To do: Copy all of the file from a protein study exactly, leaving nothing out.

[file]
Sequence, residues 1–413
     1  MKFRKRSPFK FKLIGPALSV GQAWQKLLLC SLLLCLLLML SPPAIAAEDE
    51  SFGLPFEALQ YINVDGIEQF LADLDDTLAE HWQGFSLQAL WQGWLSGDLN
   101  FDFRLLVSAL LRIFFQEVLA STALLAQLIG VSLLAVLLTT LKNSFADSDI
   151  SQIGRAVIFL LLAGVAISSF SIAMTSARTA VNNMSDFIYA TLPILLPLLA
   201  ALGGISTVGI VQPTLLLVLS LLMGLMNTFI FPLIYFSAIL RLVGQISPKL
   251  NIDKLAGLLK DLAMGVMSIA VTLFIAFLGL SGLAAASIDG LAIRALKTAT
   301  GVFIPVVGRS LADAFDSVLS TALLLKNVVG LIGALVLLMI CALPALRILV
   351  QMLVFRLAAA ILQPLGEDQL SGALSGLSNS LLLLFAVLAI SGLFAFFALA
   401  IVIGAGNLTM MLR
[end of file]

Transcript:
Sequence, residues 1–413
     1  MKFRKRSPFK FKLIGPALSV GQAWQKLLLC SLLLCLLLML SPPAIAAEDE
    51  SFGLPFEALQ YINVDGIEQF LADLDDTLAE HWQGFSLQAL WQGWLSGDLN
   101  FDFRLLVSAL LRIFFQEVLA STALLAQLIG VSLLAVLLTT LKNSFADSDI
   151  SQIGRAVIFL LLAGVAISSF SIAMTSARTA VNNMSDFIYA TLPILLPLLA
   201  ALGGISTVGI VQPTLLLVLS LLMGLMNTFI FPLIYFSAIL RLVGQISPKL
   251  NIDKLAGLLK DLAMGVMSIA VTLFIAFLGL SGLAAASIDG LAIRALKTAT
   301  GVFIPVVGRS LADAFDSVLS TALLLKNVVG LIGALVLLMI CALPALRILV
   351  QMLVFRLAAA ILQPLGEDQL SGALSGLSNS LLLLFAVLAI SGLFAFFALA
   401  IVIGAGNLTM MLR